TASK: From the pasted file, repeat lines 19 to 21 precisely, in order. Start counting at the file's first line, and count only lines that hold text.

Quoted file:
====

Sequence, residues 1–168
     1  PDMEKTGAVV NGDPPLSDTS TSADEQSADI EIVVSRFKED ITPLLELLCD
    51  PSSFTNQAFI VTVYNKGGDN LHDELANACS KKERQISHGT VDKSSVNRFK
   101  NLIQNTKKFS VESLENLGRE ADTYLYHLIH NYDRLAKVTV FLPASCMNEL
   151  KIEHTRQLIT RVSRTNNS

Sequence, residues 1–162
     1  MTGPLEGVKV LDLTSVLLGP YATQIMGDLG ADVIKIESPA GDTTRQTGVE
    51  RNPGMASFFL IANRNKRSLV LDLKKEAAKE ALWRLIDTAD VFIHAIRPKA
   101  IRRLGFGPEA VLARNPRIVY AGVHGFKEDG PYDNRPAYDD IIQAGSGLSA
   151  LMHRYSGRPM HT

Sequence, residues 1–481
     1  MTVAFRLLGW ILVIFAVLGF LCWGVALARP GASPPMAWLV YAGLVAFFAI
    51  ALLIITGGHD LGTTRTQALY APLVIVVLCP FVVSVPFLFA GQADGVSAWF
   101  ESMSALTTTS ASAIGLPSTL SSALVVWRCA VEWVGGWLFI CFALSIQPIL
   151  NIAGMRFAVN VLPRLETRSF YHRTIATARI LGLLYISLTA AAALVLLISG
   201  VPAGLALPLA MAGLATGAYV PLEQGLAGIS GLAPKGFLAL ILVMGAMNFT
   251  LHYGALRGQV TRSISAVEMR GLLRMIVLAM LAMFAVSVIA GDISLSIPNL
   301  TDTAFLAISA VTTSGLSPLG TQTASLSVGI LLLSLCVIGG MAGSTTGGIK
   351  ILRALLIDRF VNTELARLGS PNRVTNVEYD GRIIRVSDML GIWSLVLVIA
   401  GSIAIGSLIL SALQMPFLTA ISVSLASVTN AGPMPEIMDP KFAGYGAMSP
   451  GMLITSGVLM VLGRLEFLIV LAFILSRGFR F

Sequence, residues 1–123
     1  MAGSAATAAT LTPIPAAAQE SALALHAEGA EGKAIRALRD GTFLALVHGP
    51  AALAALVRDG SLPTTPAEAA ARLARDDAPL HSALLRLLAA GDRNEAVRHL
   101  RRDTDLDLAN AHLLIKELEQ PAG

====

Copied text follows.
   351  ILRALLIDRF VNTELARLGS PNRVTNVEYD GRIIRVSDML GIWSLVLVIA
   401  GSIAIGSLIL SALQMPFLTA ISVSLASVTN AGPMPEIMDP KFAGYGAMSP
   451  GMLITSGVLM VLGRLEFLIV LAFILSRGFR F